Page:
Narrative Citations: Jackson (2019) and Svendesen and Lober (2020)
How to Cite a Book Chapter in an Edited Book
Last Name, Initials. (Year). Title of book chapter. In Initials Last Name (Ed.), Title of book in italics (page numbers of book chapter). Publisher. DOI if online
Aron, L., Botella, M., & Lubart, T. (2019). Culinary arts: Talent and their development. In R. F. Subotnik, P. Olszewski-Kubilius, & F. C. Worrell (Eds.), The psychology of high performance: Developing human potentials into domain-specific talent (pp. 345–359). American Psychological Association.
Dillard, J. P. (2020). Currents in the study of persuasion. In M. B. Oliver, A. A. Raney, & J. Bryant (Eds.), Media effects: Advances in theory and research (4th ed., pp. 115–129). Routledge.
Parenthetical Citations: (Aron et al., 2019; Dillard, 2020)
Narrative Citations: Aron et al. (2019) and Dillard (2020)
How to Cite a Journal Article
Last Name, Initials. (Year). Title of journal article. Journal Title in Italics, volume(issue), page range. DOI if online
Grady, J. S., Her, M., Moreno, G., Perez, C., & Yelinek, J. (2019). Emotions in storybooks: A comparison of storybooks that represent ethnic and racial groups in the United States. Psychology of Popular Media Culture, 8(3), 207–217. American Psychological Association.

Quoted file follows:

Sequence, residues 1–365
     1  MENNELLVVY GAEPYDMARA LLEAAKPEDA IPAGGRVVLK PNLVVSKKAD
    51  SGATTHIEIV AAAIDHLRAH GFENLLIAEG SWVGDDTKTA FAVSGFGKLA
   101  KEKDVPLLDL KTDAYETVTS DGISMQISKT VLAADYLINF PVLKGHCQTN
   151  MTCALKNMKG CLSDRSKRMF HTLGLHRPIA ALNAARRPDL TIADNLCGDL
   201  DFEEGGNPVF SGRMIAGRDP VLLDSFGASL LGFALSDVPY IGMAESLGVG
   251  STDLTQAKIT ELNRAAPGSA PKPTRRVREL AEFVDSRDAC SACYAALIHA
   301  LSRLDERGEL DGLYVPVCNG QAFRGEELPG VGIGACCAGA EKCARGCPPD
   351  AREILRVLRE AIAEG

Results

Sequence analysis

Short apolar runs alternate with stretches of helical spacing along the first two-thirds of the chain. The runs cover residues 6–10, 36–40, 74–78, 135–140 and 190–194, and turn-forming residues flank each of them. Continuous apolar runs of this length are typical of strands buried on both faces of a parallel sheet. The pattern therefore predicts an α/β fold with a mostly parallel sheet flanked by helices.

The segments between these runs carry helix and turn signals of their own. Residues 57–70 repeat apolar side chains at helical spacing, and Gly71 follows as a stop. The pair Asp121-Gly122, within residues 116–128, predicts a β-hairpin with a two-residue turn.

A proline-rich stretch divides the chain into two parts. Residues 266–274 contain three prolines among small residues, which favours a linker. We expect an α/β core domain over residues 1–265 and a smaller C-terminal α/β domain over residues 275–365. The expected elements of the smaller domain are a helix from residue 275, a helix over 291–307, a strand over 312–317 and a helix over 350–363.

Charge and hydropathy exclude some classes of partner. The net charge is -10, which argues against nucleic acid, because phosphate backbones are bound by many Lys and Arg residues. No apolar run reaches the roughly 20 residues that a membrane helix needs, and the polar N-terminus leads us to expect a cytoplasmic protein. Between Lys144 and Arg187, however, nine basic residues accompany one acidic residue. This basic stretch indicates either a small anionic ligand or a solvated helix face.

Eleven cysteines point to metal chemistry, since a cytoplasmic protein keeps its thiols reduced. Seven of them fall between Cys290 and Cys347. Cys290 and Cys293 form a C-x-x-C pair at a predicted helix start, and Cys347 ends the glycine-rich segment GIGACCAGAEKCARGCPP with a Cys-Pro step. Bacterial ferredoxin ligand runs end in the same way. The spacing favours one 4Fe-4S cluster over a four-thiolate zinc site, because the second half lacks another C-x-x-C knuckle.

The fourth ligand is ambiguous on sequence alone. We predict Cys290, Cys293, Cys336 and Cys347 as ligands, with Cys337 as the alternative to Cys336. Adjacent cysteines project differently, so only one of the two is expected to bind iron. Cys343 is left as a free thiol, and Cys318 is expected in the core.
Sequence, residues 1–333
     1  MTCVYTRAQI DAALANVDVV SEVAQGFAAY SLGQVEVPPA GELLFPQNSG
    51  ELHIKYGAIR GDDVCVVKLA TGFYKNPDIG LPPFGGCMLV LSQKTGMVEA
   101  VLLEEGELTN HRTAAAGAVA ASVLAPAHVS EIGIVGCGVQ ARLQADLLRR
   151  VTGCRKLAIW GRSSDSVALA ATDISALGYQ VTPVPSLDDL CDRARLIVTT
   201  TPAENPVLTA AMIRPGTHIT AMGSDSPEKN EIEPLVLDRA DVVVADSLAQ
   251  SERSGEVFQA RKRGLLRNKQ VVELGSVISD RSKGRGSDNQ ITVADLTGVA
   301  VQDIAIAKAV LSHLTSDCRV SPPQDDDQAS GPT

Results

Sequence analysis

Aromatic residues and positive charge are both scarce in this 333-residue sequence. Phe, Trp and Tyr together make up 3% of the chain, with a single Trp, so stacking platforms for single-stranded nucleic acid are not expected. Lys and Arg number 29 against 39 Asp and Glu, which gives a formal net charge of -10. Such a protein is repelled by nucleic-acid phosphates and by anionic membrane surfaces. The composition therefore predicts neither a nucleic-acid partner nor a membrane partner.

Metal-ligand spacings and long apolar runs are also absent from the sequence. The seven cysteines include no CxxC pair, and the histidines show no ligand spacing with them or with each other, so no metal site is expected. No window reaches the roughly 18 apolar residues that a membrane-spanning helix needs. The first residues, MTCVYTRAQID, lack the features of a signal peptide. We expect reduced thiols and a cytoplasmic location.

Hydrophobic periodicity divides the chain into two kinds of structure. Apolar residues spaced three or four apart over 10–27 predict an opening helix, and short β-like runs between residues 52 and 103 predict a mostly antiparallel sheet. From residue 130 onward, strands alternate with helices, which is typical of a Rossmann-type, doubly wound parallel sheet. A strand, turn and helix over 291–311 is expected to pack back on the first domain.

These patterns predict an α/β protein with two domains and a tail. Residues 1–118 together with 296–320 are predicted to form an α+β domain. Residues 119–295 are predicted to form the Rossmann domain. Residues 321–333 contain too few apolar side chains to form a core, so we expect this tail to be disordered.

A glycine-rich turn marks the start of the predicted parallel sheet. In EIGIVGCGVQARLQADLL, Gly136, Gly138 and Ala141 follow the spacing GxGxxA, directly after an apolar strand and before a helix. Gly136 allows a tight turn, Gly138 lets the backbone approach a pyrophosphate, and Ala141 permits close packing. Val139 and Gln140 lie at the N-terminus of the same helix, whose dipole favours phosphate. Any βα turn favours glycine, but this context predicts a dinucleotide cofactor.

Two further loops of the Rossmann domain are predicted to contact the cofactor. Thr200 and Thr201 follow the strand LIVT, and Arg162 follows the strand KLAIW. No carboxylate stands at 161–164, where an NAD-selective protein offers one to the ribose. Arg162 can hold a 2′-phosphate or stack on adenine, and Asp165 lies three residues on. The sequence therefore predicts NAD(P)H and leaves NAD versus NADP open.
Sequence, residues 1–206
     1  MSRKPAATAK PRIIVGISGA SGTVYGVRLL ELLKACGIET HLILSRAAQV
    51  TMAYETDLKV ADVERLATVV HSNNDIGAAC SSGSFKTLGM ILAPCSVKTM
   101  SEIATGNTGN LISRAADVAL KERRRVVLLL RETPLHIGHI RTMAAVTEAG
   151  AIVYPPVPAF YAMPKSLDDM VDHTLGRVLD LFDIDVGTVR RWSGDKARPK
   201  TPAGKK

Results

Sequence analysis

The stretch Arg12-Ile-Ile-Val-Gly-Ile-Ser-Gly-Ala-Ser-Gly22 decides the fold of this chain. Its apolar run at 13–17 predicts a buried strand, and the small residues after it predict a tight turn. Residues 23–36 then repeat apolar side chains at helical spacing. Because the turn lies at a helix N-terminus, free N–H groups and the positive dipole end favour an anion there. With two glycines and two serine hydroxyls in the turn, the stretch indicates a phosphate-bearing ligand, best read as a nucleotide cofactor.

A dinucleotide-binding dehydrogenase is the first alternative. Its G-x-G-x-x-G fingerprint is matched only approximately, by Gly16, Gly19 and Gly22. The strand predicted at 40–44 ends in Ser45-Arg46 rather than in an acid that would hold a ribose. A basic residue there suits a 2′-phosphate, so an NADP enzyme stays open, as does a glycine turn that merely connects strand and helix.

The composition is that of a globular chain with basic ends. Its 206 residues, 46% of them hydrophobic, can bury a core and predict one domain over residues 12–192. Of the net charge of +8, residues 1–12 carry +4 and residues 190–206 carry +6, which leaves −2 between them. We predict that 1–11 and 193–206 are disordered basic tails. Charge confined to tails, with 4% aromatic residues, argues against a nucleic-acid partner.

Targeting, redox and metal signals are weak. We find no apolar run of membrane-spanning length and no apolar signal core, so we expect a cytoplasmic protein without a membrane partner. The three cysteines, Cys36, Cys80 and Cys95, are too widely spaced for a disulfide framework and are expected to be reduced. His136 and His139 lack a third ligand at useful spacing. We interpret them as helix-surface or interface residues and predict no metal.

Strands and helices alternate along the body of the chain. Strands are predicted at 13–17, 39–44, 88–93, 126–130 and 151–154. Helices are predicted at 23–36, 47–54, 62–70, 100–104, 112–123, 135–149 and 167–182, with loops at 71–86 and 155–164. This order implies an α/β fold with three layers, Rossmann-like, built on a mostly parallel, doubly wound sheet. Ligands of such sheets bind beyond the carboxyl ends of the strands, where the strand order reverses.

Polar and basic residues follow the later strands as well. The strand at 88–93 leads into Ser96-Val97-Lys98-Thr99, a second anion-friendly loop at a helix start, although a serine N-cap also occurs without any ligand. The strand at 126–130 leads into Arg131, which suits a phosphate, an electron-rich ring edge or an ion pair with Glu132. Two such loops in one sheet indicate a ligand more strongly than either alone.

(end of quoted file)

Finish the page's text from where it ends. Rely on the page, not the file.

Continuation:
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Parenthetical Citation: (Grady et al., 2019)
Narrative Citation: Grady et al. (2019)
How to Cite a Blog Post
Last Name, Initial. (Year, Month Day). Title of blog post. Title of Blog in Italics. URL
Ouellette, J. (2019, November 15). Physicists capture first footage of quantum knots unraveling in superfluid. Ars Technica.
Parenthetical Citation: (Ouellette, 2019)
Narrative Citation: Ouellette (2019)
How to Make Parenthetical and Narrative Citations for Direct Quotes
● Always use p. before your page number.
● If using a page range, use pp. before the range and an en dash between the page numbers.
● Page numbers should immediately follow the direct quote.
● Use a comma to separate the year and page number(s).
Jackson (2019) stated that “…” (p. 20).
As Svendesen and Lober (2020) suggest, “…” (pp. 30–31).
Some authors believe that “…” (Svendesen & Lober, 2020, pp. 30–31).
If you did not see the source type you are looking for in this article, please look at the APA Style blog for more information and examples. And if you need additional help with using the APA style in your journal article or research paper, we can ensure that your writing and citing are error-free. Try it out for free!